Today around 7 million people work in the ICT sector. However, out of the ICT workforce only 30% are women. Women are under–represented at all levels in the ICT sector, especially in decision-making positions. The ICT sector is rapidly growing creating around 120 000 new jobs every year. But due to differences in demands and skills – and despite the soaring European unemployment – there may be a lack of 700 000 skilled ICT workers in 2015:
Other estimates go even farther: While demand for employees with ICT skills is growing by around 3% a year, the number of graduates from computing sciences fell by 10% between 2006 and 2010. If this trend continues, there could be up to 900 000 unfilled ICT practitioners’ vacancies in the EU by 2015:
One way to reverse this negative trend is to encourage young people, and in particularly women, to take up an ICT-related career. The European Commission wants more to be done across Europe to inspire young women to get interested in ICT. This priority is reflected in the Digital Agenda’s pillar “Enhancing digital, literacy, skills and inclusion”, concretely in action 60, whereas it describes the aim of the Commission to increase the participation of women in the ICT workforce:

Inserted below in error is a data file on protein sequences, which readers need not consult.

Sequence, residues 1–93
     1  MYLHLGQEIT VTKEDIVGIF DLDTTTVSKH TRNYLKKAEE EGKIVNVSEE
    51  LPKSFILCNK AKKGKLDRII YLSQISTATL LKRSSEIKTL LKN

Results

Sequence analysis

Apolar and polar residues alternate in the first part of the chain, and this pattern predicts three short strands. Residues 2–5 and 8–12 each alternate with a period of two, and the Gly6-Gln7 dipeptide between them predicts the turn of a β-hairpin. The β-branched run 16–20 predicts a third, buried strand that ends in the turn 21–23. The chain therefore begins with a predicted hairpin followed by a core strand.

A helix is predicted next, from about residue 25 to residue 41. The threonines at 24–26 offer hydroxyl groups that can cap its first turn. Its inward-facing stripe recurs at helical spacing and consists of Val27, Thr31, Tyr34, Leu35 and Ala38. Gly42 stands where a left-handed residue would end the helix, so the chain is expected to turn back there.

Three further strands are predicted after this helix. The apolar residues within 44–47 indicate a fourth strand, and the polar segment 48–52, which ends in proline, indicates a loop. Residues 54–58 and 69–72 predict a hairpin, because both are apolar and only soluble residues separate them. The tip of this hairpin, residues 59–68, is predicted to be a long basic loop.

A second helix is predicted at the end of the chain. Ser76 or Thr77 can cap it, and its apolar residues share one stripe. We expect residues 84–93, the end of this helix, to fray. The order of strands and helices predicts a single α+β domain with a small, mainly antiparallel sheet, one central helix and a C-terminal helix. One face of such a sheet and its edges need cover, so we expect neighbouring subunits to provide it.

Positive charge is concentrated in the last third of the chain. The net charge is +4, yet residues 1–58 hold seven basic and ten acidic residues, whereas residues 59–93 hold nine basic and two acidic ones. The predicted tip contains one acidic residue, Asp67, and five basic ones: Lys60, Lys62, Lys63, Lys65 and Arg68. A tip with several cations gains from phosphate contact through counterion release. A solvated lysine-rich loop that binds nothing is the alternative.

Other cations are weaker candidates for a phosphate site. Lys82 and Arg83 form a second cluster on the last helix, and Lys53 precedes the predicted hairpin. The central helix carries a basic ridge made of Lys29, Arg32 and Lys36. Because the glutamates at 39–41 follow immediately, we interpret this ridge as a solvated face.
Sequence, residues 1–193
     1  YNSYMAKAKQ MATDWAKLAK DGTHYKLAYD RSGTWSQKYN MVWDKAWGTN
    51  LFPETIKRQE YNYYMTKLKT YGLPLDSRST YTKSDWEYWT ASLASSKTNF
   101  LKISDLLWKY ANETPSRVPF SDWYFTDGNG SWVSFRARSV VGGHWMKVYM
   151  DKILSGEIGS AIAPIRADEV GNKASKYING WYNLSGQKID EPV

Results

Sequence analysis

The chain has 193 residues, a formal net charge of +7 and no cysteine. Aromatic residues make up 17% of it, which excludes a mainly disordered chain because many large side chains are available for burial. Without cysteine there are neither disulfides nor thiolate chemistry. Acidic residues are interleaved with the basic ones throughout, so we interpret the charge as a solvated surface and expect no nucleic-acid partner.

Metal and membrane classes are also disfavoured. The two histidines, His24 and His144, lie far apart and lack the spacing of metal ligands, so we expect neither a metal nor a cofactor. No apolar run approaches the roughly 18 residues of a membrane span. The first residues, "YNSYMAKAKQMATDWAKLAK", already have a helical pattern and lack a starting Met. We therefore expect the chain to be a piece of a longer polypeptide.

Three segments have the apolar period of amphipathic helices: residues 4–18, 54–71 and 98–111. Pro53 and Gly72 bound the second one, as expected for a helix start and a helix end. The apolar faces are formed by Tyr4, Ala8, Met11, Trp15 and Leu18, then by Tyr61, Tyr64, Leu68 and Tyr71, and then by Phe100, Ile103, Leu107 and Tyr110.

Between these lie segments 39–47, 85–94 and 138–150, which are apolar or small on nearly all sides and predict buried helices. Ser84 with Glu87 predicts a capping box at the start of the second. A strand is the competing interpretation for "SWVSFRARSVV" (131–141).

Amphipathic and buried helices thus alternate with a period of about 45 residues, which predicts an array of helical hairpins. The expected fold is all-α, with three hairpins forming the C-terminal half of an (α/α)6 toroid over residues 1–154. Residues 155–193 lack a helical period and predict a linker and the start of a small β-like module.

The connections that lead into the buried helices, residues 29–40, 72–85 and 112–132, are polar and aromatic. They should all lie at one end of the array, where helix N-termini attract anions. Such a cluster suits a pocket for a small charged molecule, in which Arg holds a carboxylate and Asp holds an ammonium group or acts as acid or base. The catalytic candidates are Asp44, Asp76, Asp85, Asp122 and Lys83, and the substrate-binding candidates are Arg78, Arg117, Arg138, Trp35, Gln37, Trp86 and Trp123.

Some of the initiatives launched to create growth and jobs in Europe are the following:
* The Grand Coalition for Digital Jobs was identified as a key priority in the Digital Agenda Review adopted in December 2012.
* In January 2013, the Commission adopted the Entrepreneurship 2020 Action Plan to unleash Europe’s entrepreneurial potential, unlock expertise, mentoring, technology and services; work with European investors in order to increase the flow of venture capital and crowd-funding (in particular for web start-ups); and stimulate the emergence of Massive Online Open Courses (MOOCs) and the setting up of platforms for mentoring and skill building:
More details can be found on the following websites: